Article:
John Tillman, Jr.


John Tillman, Jr. was born during the 1740s. He was the eldest son of German emigres John and Margaret Tillman. He came to New York with his parents. He was called "John Tillman, Jr."

By the 1760s, his family had settled in the area north of Albany that would be called Watervliet.

Early in 1766, John Tillman, Jr. checked in to the community when he joined in signing the constitution of the Albany Sons of Liberty.

In August 1767, he married Mary Barbara Bauer (Powers). The marriage produced at least one son and also daughters who would marry prominent Albany residents. These Tillmans were said to have been connected with the German Reformed Church.

He was known as a sailor/captain - perhaps in association with his uncles. He worked for his father in procuring tanned animal hides. Like his father, he also performed tasks for the Albany Committee of Correspondence. In November 1778, he was exempted from military service along with older community members and those younger men who were available but actively employed in the war effort on the homefront. In 1782, the Albany municipal government paid him to carry messages to Governor Clinton and General William Heath.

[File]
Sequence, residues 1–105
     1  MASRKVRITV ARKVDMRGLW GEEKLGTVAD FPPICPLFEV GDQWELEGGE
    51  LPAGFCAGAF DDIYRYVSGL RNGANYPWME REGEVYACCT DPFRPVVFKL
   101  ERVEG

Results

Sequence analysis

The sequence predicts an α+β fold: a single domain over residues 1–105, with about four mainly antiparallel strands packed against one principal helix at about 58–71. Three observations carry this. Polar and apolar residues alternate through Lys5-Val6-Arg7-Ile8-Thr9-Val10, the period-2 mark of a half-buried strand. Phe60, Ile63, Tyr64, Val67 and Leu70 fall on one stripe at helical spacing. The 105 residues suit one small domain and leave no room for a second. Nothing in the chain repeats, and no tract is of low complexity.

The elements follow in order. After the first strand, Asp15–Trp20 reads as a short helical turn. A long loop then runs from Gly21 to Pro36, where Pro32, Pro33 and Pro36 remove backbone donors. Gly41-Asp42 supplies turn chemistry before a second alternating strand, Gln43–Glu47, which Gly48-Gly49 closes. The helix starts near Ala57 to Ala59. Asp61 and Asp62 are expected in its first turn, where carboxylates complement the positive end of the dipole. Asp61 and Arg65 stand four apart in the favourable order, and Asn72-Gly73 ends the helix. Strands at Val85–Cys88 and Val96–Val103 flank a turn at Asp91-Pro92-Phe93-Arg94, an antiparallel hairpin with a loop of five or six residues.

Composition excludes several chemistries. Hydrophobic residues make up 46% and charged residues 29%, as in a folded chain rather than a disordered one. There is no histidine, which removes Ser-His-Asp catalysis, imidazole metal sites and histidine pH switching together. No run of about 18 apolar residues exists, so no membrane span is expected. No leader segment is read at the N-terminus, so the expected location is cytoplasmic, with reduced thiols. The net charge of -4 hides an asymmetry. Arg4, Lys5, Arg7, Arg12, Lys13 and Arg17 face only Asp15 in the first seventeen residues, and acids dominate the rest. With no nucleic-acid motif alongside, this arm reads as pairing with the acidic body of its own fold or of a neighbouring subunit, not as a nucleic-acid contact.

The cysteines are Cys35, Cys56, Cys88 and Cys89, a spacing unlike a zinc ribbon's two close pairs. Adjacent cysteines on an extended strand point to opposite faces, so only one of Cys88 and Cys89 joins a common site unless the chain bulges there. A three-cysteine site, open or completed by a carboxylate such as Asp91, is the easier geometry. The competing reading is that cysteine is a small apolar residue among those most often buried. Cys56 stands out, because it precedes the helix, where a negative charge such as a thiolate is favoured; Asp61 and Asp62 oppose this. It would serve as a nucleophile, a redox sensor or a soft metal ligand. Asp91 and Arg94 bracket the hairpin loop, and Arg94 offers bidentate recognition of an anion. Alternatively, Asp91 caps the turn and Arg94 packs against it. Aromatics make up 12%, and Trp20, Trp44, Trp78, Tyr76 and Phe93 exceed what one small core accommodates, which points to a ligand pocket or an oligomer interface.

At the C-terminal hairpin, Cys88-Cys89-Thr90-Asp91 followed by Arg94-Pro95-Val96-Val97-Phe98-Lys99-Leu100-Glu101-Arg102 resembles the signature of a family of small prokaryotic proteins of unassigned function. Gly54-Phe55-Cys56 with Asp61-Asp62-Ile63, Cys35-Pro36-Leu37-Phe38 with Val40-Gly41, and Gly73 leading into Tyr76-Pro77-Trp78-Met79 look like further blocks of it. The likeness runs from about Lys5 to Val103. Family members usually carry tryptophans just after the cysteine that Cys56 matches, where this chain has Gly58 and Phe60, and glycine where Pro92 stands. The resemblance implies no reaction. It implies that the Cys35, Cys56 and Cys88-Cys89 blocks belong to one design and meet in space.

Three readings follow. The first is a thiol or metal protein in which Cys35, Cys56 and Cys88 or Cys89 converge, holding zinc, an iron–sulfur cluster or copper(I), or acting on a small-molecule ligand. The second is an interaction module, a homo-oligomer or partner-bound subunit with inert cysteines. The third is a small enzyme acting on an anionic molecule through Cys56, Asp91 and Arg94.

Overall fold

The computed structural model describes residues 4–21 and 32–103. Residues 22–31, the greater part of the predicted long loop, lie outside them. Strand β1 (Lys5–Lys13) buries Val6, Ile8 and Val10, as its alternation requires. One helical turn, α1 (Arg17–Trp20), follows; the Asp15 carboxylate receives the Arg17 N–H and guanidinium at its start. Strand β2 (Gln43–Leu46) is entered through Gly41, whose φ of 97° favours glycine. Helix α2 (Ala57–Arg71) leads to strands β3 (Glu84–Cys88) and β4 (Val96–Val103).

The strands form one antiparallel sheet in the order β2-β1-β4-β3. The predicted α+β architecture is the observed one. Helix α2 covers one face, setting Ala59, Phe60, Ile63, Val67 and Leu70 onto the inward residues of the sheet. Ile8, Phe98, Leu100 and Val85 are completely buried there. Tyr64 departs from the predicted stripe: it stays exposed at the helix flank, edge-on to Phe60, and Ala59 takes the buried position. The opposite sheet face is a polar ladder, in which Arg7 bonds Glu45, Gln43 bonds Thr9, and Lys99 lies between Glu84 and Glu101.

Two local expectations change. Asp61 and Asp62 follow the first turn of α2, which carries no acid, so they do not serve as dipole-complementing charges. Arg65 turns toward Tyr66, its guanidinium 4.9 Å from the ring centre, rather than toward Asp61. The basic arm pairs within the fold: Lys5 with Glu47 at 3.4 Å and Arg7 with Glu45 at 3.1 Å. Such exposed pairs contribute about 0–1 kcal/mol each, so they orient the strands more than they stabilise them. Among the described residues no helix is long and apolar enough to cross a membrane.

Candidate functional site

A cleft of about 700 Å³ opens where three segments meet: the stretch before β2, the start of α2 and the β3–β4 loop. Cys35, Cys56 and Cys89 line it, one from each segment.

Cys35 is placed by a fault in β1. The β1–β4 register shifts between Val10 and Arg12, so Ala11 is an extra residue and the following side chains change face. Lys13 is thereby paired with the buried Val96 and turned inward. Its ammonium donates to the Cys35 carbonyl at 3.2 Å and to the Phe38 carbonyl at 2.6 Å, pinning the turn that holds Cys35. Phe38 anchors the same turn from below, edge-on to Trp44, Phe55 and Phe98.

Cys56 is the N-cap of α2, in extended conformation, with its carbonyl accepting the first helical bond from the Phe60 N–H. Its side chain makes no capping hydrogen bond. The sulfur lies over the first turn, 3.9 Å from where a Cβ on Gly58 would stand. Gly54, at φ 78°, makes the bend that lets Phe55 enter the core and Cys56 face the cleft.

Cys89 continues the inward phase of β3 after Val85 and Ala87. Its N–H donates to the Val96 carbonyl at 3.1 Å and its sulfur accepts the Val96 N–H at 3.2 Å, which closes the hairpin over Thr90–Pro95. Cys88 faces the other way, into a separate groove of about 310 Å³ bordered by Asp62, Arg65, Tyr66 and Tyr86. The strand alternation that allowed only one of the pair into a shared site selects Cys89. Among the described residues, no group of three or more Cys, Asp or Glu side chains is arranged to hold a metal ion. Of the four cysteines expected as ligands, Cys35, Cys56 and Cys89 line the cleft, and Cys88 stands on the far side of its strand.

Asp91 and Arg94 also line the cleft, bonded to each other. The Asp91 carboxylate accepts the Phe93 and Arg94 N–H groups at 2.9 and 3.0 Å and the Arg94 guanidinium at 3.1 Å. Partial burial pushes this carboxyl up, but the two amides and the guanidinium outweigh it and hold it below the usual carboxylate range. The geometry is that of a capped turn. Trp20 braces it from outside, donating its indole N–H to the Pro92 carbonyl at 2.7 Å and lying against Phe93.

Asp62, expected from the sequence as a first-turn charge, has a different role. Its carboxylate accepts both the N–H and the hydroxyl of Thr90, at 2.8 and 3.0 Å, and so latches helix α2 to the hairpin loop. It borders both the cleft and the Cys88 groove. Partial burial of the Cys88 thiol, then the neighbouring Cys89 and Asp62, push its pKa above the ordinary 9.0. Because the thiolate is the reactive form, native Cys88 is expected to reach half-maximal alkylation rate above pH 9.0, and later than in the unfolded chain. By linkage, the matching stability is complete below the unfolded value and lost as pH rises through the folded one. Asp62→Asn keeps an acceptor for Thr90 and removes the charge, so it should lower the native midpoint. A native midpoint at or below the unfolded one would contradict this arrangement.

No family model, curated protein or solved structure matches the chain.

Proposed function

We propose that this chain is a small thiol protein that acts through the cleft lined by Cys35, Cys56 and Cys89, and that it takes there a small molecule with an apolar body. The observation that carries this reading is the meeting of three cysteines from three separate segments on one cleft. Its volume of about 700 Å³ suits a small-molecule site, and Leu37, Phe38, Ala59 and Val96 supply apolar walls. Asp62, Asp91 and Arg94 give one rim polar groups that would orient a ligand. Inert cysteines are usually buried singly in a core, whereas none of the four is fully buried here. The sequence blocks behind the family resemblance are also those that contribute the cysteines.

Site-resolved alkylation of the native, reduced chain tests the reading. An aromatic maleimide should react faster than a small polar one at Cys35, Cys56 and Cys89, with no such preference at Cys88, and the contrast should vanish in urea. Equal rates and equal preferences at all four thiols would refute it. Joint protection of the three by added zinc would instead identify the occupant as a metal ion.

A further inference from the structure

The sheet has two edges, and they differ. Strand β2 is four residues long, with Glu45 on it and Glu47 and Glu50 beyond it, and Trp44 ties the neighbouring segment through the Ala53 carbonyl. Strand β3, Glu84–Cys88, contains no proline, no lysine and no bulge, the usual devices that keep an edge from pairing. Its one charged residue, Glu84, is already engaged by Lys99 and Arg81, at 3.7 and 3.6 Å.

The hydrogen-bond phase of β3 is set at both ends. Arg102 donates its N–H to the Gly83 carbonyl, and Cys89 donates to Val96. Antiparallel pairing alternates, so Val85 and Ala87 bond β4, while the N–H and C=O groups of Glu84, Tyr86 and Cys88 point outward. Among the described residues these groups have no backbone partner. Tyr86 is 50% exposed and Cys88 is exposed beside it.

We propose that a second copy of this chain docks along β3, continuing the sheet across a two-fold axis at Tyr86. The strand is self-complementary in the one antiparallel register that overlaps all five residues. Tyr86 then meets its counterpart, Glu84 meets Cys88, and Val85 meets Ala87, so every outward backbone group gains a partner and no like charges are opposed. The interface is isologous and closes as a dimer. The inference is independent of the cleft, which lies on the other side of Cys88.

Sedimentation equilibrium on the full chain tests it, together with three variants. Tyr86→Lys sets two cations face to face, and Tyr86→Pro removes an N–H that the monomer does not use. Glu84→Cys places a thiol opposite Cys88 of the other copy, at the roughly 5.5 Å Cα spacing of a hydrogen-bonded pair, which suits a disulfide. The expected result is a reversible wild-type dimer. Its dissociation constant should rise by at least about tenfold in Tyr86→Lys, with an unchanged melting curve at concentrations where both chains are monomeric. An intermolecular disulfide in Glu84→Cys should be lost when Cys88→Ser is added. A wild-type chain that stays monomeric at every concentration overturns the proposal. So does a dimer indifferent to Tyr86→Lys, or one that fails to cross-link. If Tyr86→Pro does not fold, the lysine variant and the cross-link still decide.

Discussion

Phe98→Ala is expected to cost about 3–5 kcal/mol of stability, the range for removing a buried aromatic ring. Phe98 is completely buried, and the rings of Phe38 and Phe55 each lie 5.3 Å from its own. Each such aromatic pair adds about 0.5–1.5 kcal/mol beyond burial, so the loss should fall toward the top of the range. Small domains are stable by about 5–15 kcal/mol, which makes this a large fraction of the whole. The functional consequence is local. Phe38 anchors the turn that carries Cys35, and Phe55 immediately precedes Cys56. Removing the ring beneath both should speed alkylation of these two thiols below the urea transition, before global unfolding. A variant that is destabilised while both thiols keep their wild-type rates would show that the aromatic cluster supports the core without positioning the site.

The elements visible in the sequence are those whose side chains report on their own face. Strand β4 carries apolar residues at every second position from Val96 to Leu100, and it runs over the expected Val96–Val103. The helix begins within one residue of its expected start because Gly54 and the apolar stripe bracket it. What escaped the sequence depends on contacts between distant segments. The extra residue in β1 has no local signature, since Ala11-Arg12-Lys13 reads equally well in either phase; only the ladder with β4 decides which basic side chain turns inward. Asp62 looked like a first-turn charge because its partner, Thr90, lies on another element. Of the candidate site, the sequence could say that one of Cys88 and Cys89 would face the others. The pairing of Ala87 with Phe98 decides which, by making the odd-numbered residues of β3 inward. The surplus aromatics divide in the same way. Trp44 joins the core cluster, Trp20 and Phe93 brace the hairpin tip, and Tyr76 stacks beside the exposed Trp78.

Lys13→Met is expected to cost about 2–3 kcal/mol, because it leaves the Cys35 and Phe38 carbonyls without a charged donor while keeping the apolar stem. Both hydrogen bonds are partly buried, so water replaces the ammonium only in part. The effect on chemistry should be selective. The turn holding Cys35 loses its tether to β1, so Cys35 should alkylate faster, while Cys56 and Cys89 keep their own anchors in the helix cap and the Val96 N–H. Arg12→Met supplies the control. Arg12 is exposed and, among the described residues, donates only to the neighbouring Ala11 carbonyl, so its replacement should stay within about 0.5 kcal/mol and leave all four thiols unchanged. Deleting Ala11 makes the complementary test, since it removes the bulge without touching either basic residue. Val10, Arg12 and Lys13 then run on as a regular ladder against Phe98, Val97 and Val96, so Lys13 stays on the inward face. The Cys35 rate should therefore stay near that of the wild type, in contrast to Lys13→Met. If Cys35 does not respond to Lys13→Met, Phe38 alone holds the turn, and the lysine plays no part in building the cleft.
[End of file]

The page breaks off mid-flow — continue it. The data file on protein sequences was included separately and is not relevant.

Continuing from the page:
Beginning in 1790 and 1800, his name appeared on the Watervliet census. In 1797, he was identified as a hatter and as an Albany freeholder. In 1820, the household of "John Tillman" was configured on the Albany census. However, his name did not appear in Albany city directories.

The Albany newspapers noted that former resident John Tillman. Jr. died in Geneva, New York in June 1822 and that he had lived seventy-six years.

biography in-progress


the people of colonial Albany Sources: The life of John Tillman, Jr. has not been assigned a is CAP biography number. This sketch is derived chiefly from family and community-based resources.

first posted: 12/30/07